Yet African nations, and their climate interests, risk being sidelined at Cop26 – despite sub-Saharan Africa being one of the most vulnerable regions in the world to climate change – as they have at similar meetings in the past.
Eighteen African countries are currently on the UK’s red travel list, meaning their representatives will have to quarantine for five days if they are fully vaccinated and ten days if they are not. Many, Gahouma-Bekale told me, simply cannot afford extra nights in a hotel. Some members of the Gabon delegation are struggling to secure visas, and accommodation in Glasgow is difficult to find. “There is a strong risk that Africa cannot be well represented at this Cop for the first time,” says Gahouma-Bekale.
That’s a huge problem for Africa – because while Cop is a conference convened to tackle a global crisis, it is fundamentally a forum where states hash out their own agendas. “It is not about climate justice. It is about national interests. Countries think more about themselves than they do about the world,” says Gahouma-Bekale.
If African representatives aren’t there – or aren’t there in big enough numbers to be in every negotiating room – their interests in the climate emergency won’t be fought for. And those interests, at Cop, are quite different to those of developed countries.
One of the main priorities currently on the itinerary for Cop26 is for countries to set out their own Nationally Determined Contributions (NDCs) towards global emissions reductions. That’s important for high-emitting countries like China and the USA, or in Europe. “But it is not our priority,” says Gahouma-Bekale. African countries emit less than 4 per cent of the global total – Gabon even sequesters 100 million tonnes more carbon than it emits.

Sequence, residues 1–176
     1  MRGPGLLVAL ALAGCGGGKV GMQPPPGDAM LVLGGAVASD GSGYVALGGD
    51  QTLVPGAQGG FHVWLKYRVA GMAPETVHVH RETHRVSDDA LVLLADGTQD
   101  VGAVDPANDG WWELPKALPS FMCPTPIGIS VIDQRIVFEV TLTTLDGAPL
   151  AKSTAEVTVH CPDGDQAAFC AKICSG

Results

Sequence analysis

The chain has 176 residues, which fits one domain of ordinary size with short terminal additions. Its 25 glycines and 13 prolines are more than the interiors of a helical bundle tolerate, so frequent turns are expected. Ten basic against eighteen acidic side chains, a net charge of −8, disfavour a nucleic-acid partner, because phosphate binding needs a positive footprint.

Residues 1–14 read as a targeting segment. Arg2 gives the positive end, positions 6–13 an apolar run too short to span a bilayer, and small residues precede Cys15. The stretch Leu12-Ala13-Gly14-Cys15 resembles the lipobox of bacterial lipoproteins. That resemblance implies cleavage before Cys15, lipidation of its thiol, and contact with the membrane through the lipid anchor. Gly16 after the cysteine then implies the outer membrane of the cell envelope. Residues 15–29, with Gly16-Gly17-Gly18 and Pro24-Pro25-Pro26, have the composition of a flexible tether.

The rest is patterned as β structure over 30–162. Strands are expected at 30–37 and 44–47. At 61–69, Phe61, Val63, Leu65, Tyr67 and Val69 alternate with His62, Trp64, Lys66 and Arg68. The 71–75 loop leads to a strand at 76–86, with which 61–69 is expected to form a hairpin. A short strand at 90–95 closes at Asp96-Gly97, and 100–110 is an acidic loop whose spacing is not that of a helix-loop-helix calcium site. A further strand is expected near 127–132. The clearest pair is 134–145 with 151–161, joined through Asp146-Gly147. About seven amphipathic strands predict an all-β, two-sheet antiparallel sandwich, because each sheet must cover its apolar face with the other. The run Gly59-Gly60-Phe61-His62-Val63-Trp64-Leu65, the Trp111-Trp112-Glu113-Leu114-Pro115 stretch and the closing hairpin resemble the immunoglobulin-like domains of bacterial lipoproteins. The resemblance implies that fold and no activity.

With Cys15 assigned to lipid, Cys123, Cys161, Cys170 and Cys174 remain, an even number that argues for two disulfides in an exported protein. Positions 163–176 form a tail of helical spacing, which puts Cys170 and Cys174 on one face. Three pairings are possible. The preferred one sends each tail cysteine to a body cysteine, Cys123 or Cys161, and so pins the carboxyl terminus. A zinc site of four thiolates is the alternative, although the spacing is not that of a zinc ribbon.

They would rather focus on adaptation – to make sure that farmers can still grow crops that feed their communities, for example – and financing – to get money to countries most affected by the climate emergency so they can cope with the changes it is bringing. At a pre-Cop session in June, neither were discussed, says Gahouma-Bekale.
Sadly, this follows the patterns of previous conferences. In 2009, developed countries committed to deliver $100 billion a year by 2020 to help developing countries deal with the impacts of the climate emergency, and to transition to lower carbon economies. The outcome of that promise was underwhelming. “We have no proof that this money is already in our countries – we see nothing,” says Gahouma-Bekale.
In Glasgow, the African nations will be asking both for a higher sum of $700m per year to be discussed, and for a mechanism that tracks where the money goes, to make sure richer nations come good on their promise, and so the impact of negotiations can be measured.
Cop26, the most important UN climate conference to date, falls at a time when trust between nations is low but the necessity for collective action has rarely, if ever, been higher. The global vaccine roll-out – or lack thereof – has shown that when a crisis strikes, developed countries turn inwards. They batten down the hatches. They prioritise their own.
The planet cannot afford for developed nations to prioritise their own self-interest at Cop. To show genuine solidarity with the countries on the frontline of the climate crisis, they must make sure that those countries’ concerns about adaptation and financing are heard – and that they are not excluded because they are battling a virus for which developed nations hold the vaccines.